Regular well-child visits can help protect your child from serious illnesses, diseases, and injuries by identifying potential problems early. The early identification of medical issues allows you and your child to take precautions.
So, when should you bring your child in for well-child visits? The first well-child visit happens when your baby is 2 to 5 days old. Subsequent well-child visits happen at 1,2,4,6,9,15, and 18 months, and then again at 2 years old.
Regular well-child visits allow your pediatrician to monitor and record your child’s:
- Height and weight
- Heart sounds and pulse
- Musculoskeletal structure
These factors and more provide your pediatrician with the information to track your child’s growth and development. Your pediatrician can help ensure your child is on a healthy track for normal growth and development.
Regular well-child visits are important to your child’s physical health, and behavioral health too. Regular well-child visits are an opportunity for your pediatrician to assess and monitor your child’s behavioral health. During a behavioral health assessment, your pediatrician can identify and manage conditions including:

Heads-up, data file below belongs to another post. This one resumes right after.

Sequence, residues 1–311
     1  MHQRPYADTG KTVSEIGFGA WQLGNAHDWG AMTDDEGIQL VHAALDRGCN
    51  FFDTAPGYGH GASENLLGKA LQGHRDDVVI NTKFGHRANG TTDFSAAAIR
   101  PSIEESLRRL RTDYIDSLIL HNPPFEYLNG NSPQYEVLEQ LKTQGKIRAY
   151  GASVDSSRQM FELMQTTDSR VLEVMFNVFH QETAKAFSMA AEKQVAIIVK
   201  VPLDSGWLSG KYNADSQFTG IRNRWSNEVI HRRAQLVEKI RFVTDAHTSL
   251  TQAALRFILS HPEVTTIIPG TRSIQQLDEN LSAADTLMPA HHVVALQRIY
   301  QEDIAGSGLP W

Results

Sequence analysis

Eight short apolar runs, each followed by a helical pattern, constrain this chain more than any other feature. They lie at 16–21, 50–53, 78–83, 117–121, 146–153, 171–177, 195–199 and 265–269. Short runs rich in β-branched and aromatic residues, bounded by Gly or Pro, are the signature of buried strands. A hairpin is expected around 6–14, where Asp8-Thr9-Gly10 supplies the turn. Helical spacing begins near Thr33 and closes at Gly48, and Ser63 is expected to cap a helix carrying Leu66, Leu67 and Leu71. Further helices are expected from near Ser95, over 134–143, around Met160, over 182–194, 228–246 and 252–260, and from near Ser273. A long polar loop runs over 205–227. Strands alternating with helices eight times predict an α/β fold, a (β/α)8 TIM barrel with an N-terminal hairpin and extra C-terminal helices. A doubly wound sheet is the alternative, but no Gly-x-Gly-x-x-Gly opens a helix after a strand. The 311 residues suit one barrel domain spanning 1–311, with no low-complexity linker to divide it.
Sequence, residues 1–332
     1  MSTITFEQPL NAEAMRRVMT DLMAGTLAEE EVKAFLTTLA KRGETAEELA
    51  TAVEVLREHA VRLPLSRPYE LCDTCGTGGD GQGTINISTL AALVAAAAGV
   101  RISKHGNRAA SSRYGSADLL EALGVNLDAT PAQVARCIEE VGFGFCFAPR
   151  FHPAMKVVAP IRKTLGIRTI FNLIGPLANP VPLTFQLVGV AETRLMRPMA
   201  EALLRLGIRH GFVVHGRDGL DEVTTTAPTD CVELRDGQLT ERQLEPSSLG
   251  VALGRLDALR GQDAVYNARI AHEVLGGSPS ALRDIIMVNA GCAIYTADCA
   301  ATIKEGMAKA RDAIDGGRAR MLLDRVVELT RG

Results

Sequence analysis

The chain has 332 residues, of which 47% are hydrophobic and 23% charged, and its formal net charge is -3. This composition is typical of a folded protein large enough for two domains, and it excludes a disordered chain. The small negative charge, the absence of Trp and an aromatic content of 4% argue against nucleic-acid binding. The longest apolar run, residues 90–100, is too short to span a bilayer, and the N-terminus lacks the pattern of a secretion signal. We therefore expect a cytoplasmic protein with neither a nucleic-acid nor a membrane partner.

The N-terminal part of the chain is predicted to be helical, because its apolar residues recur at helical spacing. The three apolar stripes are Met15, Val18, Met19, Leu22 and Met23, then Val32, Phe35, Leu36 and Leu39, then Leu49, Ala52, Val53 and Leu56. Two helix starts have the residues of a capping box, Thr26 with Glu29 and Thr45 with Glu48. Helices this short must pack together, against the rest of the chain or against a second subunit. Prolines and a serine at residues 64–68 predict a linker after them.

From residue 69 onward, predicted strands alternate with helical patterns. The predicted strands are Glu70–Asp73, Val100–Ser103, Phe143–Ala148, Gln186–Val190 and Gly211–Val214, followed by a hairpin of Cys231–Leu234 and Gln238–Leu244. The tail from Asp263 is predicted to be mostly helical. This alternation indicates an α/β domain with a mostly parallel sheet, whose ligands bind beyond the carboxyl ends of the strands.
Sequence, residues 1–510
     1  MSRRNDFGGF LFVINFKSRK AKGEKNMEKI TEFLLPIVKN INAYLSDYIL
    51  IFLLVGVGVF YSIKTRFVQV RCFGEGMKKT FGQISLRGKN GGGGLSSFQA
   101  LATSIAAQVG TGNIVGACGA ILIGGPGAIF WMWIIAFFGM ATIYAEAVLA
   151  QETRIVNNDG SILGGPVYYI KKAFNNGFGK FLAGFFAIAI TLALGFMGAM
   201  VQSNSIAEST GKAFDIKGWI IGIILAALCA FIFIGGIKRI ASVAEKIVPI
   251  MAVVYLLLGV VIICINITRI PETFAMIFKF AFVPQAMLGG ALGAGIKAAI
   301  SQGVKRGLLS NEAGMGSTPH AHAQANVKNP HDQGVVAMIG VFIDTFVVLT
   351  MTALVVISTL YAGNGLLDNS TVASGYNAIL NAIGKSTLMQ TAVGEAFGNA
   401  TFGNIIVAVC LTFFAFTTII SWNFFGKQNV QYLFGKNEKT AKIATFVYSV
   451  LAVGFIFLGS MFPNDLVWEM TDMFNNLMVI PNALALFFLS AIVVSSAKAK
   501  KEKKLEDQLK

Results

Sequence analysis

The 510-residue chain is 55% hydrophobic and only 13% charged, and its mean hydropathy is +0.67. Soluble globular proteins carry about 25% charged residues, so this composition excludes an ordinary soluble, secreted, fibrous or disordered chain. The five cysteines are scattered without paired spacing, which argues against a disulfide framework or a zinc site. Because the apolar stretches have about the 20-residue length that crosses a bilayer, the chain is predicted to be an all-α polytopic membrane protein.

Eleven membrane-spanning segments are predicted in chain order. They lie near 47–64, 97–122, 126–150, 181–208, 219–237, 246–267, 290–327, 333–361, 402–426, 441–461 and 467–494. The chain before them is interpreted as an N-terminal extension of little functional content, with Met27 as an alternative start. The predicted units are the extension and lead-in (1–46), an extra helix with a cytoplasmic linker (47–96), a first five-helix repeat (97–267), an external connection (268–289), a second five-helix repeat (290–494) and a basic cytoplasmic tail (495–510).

- ADD and ADHD
- Learning disabilities
- Anxiety and depression
One of the most important functions of a well-child visit is to provide immunizations to prevent contagious, infectious illnesses and diseases. Immunizations are required for your child to attend daycare and school. They also protect your child, your household, and you from acquiring an infectious disease or illness. The flu, hepatitis, meningitis, and polio are just a few of the conditions immunizations can help prevent.
You can benefit from well-child visits too because they give you a wonderful opportunity to ask any questions you have about your child’s health. Your pediatrician is an expert at medical care for children and is a great resource for you and your child. To learn more about the benefits of well-child visits and how they can help protect your child’s health, talk with an expert. Call your pediatrician today.